California cities like San Diego are getting creative in their search for revenue sources to replace funding lost with the elimination of redevelopment programs.
However, Murtaza H. Baxamusa, an affordable housing developer and planning professor at the University of Southern California, argues that the public should be leery of funding efforts that attempt to mimic redevelopment.
"I am supportive of finding new ways to fund redevelopment that are proper and legal. However, absent clear community benefits standards, I am not sure if the public interest will be served by a property acquisition-income fund. There are several reasons to be wary of funding schemes guised as redevelopment."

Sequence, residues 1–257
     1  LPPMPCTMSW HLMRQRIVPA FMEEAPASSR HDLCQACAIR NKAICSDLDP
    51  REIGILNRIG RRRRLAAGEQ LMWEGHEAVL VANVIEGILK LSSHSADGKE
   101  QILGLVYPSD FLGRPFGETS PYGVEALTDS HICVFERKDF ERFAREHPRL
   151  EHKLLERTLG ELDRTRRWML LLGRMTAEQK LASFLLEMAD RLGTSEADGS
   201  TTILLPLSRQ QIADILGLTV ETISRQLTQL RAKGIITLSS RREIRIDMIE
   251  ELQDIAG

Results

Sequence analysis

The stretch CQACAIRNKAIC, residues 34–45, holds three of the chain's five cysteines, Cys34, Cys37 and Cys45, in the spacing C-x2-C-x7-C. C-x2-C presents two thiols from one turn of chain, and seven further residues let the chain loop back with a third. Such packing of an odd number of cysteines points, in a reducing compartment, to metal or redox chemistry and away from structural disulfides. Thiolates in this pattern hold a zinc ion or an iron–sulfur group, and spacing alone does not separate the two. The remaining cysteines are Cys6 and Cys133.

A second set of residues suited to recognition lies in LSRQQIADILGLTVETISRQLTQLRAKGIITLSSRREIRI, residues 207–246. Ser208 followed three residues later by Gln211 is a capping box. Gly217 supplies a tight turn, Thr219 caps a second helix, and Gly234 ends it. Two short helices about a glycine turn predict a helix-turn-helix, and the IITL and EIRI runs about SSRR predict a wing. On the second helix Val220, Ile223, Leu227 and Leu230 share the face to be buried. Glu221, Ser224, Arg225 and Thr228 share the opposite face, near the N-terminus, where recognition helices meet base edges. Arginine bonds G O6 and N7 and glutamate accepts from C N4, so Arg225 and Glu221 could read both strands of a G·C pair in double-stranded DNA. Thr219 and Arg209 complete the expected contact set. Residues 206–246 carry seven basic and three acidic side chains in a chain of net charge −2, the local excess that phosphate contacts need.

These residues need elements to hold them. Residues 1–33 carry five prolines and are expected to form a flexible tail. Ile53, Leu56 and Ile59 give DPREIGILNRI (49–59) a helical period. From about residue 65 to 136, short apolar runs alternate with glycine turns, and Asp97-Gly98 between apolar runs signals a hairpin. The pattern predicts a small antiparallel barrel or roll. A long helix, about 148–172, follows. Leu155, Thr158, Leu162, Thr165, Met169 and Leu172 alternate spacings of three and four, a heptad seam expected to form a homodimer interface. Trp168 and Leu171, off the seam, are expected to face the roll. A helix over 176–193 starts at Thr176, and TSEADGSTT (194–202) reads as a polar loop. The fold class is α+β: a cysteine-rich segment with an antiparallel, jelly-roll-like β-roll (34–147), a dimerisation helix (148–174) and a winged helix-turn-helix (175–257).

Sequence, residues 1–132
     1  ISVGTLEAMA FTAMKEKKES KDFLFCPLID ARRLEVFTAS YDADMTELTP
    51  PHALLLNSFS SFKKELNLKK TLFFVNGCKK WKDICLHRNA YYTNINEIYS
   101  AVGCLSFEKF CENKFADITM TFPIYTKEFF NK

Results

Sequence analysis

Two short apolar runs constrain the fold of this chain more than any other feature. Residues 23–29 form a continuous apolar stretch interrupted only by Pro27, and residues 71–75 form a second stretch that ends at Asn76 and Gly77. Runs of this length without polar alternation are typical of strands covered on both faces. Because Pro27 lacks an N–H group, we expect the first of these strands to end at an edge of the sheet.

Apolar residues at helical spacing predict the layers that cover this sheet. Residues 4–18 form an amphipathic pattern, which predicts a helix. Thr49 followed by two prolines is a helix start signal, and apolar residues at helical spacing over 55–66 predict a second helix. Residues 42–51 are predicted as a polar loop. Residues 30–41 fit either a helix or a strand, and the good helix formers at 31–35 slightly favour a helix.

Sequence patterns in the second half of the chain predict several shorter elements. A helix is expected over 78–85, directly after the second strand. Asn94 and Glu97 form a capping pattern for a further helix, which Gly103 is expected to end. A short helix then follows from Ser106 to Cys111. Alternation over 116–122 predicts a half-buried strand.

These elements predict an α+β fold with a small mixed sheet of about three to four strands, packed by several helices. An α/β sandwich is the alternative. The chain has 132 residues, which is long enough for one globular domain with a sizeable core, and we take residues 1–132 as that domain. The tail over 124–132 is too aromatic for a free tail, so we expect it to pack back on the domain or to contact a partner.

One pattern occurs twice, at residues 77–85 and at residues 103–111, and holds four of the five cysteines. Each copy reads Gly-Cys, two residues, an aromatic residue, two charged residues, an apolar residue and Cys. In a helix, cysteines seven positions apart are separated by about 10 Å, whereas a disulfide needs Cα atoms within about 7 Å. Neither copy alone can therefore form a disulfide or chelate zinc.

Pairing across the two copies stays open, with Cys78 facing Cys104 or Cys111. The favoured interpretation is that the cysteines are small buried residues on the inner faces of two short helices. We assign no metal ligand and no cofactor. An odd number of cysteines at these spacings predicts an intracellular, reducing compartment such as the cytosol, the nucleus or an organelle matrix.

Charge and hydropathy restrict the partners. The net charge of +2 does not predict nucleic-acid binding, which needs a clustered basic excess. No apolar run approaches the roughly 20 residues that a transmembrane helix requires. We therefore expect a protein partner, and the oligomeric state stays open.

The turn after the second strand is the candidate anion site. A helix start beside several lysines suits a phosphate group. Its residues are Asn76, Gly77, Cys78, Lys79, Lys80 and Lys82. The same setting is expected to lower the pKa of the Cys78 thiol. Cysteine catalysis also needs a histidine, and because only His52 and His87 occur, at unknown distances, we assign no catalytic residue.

Civic San Diego, a nonprofit consulting firm that works with the city of San Diego, recently adopted a funding acquisition program that involves leveraging a New Market Tax Credit (NMTC) to purchase properties and become landlords.
Baxamusa sees this push as a major concern because while redevelopment agencies were funded with public tax increment money, governed by elected officials, and regulated by state law, these new programs give private individuals a big role in decision making.
He goes on to highlight several questions posed by "pseudo redevelopment schemes."
"Our low-income urban neighborhoods are thirsting for investment, and they deserve better than a Wall Street scheme with little accountability."